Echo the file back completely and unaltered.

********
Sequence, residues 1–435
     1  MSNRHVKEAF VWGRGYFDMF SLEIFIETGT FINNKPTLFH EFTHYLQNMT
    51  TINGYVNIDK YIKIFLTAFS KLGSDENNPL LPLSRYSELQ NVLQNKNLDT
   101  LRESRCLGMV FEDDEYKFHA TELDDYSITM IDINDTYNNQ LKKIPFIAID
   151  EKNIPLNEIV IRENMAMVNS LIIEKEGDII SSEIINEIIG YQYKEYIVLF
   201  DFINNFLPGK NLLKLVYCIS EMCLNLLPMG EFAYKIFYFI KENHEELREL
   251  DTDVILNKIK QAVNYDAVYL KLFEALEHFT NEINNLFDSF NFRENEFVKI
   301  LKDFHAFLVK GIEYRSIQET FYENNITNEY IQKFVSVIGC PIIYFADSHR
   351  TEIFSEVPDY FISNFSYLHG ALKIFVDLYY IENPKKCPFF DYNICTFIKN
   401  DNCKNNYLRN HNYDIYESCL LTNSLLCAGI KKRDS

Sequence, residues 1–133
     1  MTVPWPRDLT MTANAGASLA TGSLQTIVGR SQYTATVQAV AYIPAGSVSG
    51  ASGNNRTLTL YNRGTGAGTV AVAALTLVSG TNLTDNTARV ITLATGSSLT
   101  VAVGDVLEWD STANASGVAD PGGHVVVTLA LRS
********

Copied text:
Sequence, residues 1–435
     1  MSNRHVKEAF VWGRGYFDMF SLEIFIETGT FINNKPTLFH EFTHYLQNMT
    51  TINGYVNIDK YIKIFLTAFS KLGSDENNPL LPLSRYSELQ NVLQNKNLDT
   101  LRESRCLGMV FEDDEYKFHA TELDDYSITM IDINDTYNNQ LKKIPFIAID
   151  EKNIPLNEIV IRENMAMVNS LIIEKEGDII SSEIINEIIG YQYKEYIVLF
   201  DFINNFLPGK NLLKLVYCIS EMCLNLLPMG EFAYKIFYFI KENHEELREL
   251  DTDVILNKIK QAVNYDAVYL KLFEALEHFT NEINNLFDSF NFRENEFVKI
   301  LKDFHAFLVK GIEYRSIQET FYENNITNEY IQKFVSVIGC PIIYFADSHR
   351  TEIFSEVPDY FISNFSYLHG ALKIFVDLYY IENPKKCPFF DYNICTFIKN
   401  DNCKNNYLRN HNYDIYESCL LTNSLLCAGI KKRDS

Sequence, residues 1–133
     1  MTVPWPRDLT MTANAGASLA TGSLQTIVGR SQYTATVQAV AYIPAGSVSG
    51  ASGNNRTLTL YNRGTGAGTV AVAALTLVSG TNLTDNTARV ITLATGSSLT
   101  VAVGDVLEWD STANASGVAD PGGHVVVTLA LRS